(Before It's News)
Most of us store all kinds of junk in our garages and basements because we think that it might be useful at some time in the future. One day, we convince ourselves, we will dig out those old cleats or need that widget. Then the time comes for a good spring cleaning, and we declare that much of the junk we’ve been saving is just garbage and put it out on the curb for pick-up.
Much like basements, genomes are full of junk (such as repetitive sequences of DNA that have no obvious function). Of course, genomes also encode the instructions for making essential mRNA molecules and proteins, and these instructions need to be passed on to future generations. Many eukaryotes separate out these activities. For example, multicellular plants and animals use different cell types: the main “somatic” cells of the body express genes, while germline cells (such as egg and sperm cells) propagate DNA to offspring. Single-celled eukaryotes called ciliates, on the other hand, keep their germline genome in a germline micronucleus and their somatic genome in a separate somatic macronucleus. Now, in eLife, Robert Coyne of the J. Craig Venter Institute and colleagues – including Eileen Hamilton and Aurélie Kapusta as joint first authors – report that they have sequenced the germline genome of a ciliate called Tetrahymena thermophila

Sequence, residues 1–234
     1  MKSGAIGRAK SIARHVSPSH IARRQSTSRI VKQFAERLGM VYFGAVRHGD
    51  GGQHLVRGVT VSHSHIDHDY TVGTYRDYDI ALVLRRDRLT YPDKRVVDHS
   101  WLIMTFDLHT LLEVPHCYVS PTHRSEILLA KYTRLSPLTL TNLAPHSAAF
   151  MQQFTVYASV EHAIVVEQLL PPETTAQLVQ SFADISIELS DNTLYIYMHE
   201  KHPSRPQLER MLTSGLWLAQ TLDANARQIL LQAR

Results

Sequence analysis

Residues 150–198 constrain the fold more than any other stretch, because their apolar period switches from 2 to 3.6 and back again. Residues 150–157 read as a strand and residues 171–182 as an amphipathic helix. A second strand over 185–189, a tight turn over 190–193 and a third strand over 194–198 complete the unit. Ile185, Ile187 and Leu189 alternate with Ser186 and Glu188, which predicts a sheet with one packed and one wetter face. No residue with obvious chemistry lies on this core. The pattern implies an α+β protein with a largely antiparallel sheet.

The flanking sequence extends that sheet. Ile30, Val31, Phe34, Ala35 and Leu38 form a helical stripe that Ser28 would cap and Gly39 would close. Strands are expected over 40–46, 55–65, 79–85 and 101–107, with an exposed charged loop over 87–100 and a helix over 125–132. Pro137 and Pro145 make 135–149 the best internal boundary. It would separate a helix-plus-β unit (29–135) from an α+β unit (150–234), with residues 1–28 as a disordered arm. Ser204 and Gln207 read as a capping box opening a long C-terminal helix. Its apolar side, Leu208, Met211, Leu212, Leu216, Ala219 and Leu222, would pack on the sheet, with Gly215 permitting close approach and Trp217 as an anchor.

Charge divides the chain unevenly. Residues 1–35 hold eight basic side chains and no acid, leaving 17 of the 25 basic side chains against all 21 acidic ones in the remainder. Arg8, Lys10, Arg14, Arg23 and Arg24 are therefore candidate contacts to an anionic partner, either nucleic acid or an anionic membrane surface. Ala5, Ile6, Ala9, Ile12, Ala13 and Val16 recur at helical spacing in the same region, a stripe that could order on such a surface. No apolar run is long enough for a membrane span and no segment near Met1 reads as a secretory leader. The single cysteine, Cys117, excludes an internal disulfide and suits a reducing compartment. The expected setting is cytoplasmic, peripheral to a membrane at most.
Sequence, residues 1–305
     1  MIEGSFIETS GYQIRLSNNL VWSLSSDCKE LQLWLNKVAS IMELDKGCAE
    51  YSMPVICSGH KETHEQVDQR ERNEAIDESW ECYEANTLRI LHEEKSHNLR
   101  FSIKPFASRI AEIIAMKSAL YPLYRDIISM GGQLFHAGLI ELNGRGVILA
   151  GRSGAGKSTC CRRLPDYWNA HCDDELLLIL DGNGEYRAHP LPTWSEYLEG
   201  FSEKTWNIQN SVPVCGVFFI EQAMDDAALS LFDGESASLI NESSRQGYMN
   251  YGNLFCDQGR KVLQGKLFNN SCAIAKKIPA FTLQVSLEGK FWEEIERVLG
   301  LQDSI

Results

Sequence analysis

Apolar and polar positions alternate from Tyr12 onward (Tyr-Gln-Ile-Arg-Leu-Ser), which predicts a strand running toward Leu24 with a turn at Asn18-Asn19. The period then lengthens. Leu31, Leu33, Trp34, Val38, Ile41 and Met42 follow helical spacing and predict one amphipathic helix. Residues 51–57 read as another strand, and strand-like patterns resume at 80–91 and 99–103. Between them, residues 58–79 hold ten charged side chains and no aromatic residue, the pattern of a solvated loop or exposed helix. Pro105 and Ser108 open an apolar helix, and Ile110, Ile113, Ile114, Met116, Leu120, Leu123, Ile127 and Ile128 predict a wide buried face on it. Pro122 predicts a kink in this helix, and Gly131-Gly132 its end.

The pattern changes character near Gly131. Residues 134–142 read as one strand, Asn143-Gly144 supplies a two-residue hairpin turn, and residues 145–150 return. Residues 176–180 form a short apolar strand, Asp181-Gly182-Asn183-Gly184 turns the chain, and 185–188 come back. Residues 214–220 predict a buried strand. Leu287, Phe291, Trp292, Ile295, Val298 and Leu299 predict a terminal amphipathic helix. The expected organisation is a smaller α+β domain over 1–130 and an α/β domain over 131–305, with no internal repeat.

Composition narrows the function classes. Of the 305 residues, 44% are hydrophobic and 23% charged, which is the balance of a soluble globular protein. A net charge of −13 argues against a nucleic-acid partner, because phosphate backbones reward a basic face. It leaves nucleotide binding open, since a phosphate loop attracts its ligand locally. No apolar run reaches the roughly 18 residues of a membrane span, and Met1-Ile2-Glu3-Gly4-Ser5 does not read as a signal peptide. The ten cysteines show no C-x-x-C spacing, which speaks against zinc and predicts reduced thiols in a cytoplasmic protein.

(Hamilton et al., 2016
@ One genome’s junk is another’s garbage | eLife: